Consider him a tad biased when it comes to all things running back. But Jerome Bettis is over the moon that the Pittsburgh Steelers drafted Najee Harris in the first round of last week’s draft. To Bettis, this is the Steelers realizing they must return to their roots.
Bettis joined NFL Network’s Good Morning Football to talk about it.
“I was ecstatic when they made the pick,” Bettis told the show. “I thought they didn’t understand or recognize the error of their ways. They went away from the power running game. With that pick, they realized, ‘We need to get back to running the football.’ It was a commitment that they made and they further cemented that with the center/guard in the third round and the offseason acquisitions in the offensive line.”
As Steelers’ fans well know, Pittsburgh’s run game was terrible last season. After a decent start to begin the year, they become the league’s most inefficient attack in basically every category. Their average was poor, their success rate was low, the run game failed to produce big plays, and converting on third/fourth and short was a coin flip.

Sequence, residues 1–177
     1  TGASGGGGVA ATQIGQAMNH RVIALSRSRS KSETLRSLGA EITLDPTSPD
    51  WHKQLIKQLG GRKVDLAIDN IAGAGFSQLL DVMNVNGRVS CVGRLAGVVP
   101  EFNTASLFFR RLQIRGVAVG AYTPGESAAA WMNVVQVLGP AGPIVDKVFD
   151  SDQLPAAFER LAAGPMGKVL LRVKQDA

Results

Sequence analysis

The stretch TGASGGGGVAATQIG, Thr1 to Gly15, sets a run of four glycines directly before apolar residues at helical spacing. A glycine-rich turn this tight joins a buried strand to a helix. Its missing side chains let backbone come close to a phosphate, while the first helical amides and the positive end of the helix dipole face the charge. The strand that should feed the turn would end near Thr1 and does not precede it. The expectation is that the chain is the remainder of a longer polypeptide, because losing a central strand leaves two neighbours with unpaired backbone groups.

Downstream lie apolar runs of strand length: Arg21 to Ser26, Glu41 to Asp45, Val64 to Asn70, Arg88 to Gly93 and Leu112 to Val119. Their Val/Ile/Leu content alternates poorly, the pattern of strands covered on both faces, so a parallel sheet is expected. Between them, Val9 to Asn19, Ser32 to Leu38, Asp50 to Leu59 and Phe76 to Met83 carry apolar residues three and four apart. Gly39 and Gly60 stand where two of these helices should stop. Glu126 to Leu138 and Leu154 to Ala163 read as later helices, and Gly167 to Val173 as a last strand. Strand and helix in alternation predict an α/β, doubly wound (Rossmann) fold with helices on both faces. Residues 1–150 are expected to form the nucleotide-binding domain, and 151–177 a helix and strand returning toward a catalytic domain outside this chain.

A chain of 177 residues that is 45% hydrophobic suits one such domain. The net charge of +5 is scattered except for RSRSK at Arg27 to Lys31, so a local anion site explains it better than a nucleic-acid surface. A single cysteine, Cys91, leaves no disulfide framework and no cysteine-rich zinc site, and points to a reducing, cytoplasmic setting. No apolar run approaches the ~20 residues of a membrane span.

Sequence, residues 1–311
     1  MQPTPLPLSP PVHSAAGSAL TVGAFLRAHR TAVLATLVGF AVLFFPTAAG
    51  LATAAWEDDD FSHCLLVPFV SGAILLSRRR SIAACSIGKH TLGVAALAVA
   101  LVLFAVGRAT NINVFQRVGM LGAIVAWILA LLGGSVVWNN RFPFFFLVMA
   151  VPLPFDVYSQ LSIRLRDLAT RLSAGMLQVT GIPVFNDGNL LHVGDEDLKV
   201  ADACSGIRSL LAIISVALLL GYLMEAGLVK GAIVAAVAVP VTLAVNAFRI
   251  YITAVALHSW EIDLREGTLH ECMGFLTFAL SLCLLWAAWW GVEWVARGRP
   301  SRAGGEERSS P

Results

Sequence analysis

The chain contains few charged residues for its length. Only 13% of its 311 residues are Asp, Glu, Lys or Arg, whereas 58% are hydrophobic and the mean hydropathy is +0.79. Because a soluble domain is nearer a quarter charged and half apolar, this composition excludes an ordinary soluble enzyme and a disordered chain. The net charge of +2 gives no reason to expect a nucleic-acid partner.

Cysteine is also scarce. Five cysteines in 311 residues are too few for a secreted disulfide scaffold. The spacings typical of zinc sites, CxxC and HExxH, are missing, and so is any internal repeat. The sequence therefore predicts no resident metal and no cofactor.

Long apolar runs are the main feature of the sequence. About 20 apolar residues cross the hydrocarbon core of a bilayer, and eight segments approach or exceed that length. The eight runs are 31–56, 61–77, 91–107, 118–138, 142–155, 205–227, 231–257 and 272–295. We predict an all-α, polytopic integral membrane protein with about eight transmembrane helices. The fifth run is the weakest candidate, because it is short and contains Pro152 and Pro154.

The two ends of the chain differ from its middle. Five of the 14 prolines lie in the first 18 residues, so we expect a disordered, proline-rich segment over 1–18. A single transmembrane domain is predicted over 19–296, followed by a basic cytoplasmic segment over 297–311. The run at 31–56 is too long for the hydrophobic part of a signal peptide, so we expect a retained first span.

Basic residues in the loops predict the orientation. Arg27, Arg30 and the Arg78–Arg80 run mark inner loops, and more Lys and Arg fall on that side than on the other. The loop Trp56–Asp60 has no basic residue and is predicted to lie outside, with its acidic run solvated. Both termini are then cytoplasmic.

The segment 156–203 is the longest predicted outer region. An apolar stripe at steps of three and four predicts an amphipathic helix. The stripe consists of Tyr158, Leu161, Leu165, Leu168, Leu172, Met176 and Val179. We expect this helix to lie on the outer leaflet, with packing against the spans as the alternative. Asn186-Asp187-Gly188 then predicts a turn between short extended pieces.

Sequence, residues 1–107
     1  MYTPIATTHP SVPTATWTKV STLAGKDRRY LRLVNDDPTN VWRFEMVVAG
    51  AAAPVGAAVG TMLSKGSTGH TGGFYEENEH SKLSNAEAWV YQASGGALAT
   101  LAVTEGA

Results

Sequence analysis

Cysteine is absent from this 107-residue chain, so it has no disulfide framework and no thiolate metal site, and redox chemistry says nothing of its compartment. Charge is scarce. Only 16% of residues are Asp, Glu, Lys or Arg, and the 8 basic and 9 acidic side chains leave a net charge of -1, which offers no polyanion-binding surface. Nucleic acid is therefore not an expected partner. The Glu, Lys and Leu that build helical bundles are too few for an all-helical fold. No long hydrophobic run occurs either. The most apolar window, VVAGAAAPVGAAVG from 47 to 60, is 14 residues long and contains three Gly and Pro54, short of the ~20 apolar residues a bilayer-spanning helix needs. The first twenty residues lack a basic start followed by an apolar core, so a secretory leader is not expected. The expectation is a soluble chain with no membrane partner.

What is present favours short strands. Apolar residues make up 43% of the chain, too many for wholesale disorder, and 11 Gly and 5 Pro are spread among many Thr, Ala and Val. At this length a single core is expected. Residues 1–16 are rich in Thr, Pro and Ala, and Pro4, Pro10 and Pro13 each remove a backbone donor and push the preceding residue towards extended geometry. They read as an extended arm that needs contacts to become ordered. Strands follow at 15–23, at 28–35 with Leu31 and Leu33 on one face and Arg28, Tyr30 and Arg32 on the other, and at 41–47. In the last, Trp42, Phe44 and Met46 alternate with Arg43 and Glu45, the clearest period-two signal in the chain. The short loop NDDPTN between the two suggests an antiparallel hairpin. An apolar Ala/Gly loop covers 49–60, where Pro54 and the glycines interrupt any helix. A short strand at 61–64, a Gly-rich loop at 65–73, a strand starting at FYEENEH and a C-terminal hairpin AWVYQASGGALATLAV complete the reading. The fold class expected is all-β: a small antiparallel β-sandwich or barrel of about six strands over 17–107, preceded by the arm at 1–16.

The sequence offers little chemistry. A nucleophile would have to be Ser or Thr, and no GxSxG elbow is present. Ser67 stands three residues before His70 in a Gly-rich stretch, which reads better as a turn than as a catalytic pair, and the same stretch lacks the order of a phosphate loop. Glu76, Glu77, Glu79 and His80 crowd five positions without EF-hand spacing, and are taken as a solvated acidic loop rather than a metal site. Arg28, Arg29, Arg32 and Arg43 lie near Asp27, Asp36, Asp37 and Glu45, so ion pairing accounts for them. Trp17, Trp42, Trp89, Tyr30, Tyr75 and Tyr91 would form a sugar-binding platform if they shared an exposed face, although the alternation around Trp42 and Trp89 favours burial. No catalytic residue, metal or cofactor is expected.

Enter Harris, the best back in the draft, and a bruiser at just under 6’2″, 230 pounds.
Bettis says the Steelers drafting Harris is a great fit for both sides.
“Najee was the best and perfect person for that opportunity.”
Harris, like Bettis, has size and runs with power, but also has a surprising amount of quickness to his game. He has great feet to make lateral moves, like Bettis did, and the ability to win in space. The only real knock on his game is a lack of long speed. Similar to Le’Veon Bell, Harris rarely hit the home run in college.
Some analysts have criticized the Steelers for taking a running back in the first round. Bettis believes it’s worth the investment, but finding the workhorse back in the college game is tough to do these days.
“The problem is in college football, the running backs aren’t really there. They’re all switching to linebacker…until we can start seeing more 6’2″, 225-pound running backs, you’re not going to see [more of them taken in the first round].”
Harris is the first running back Pittsburgh’s drafted in the first round since Rashard Mendenhall in 2008. He’s just the third Steelers back taken in the top spot since 1989. In ’89, the team drafted Tim Worley. He played just four years with the team before Pittsburgh traded him to the Chicago Bears. Let’s hope Harris has a better career than either of those two.